July AU Labour Force Survey: A Step in the Right Direction
The Australian unemployment rate dropped to an almost six-year low in July, while wage growth posted its strongest quarterly gain since March 2014.
In July, the unemployment rate in Australia dropped to its lowest level since October 2012. At 5.4% the level of unemployment is still relatively high, particularly when factoring in those searching for more hours, but it is certainly a step in the right direction. Participation in the workforce also remained high in July.
Employment rose by 26,900 people in July on a trend basis and has increased by an average of 20,500 people per month this year. That is a far cry from the 33,600 people who joined the labour force each month last year, but if replicated for the remainder of the year we’d conclude that it has been a solid year for the Australian labour market.
Full-time employment growth was lacklustre in early 2018 but has rebounded over the past three months, accounting for almost two-thirds of growth. The creation of high-quality full-time roles is imperative to bringing down the level of labour market slack across the country. And that is the key to pushing wages higher.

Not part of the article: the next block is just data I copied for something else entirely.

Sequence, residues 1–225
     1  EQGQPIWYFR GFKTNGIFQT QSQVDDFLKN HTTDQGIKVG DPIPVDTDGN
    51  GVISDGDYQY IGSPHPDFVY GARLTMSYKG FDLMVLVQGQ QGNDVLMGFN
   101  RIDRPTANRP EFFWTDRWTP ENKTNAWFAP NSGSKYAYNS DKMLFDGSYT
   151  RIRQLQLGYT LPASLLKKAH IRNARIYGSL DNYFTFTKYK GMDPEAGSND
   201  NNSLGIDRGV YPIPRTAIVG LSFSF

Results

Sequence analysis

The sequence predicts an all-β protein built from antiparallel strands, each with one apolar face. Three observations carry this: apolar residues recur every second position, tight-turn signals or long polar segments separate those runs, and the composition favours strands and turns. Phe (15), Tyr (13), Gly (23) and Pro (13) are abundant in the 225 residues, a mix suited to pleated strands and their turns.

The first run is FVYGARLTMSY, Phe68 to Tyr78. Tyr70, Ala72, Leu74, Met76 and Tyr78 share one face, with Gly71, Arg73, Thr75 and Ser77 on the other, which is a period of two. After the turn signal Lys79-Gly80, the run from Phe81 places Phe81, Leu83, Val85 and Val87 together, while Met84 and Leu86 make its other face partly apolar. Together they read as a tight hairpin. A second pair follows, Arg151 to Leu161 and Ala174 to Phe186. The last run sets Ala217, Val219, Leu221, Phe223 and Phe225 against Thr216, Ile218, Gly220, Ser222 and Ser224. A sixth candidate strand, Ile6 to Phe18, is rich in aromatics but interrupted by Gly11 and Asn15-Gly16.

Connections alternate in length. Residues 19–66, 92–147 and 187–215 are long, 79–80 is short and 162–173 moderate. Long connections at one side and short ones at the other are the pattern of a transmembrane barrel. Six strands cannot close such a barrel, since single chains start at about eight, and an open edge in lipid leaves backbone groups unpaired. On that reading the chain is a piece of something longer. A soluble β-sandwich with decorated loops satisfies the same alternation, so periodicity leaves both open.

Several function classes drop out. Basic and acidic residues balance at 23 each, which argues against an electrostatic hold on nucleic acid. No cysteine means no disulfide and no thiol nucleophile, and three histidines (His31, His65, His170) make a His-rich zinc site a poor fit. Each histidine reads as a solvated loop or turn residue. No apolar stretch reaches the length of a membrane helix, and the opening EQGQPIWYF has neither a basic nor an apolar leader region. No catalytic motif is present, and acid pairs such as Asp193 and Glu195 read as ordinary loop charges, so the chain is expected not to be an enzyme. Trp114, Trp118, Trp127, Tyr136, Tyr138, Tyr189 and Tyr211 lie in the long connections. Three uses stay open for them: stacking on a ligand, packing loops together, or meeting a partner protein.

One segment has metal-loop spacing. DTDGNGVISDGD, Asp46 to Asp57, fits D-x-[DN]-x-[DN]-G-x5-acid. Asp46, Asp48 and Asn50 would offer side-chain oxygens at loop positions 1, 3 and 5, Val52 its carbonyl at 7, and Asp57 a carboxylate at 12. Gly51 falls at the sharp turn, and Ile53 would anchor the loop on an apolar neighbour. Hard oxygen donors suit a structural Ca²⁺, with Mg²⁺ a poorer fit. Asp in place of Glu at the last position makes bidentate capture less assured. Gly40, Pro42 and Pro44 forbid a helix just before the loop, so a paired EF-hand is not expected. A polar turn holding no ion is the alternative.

On the wage front there was a glimmer of hope in the June quarter. Wages rose by 0.6% in the quarter, which by itself is a poor result but in the context of negligible recent wage growth is a step in the right direction. It was the strongest quarterly result since March 2014.
Nevertheless, wage growth still has a long way to go before it returns to a level that was once considered normal. That process will be slow and further declines in the rate of unemployment and underutilisation will be necessary if wage growth is to go up a gear.
A big positive in the latest set of labour figures has been the sharp decline in the youth unemployment rate. The unemployment rate among 15 – 24 year olds fell to 11.1% in July, from 12% just three months ago.
Finally, at the state level we continue to see a two-speed labour market. The unemployment rates in New South Wales and Victoria sit near 5% and are well below that of the other states. By comparison, the unemployment rate in the two mining states, Queensland and Western Australia, remains above 6%.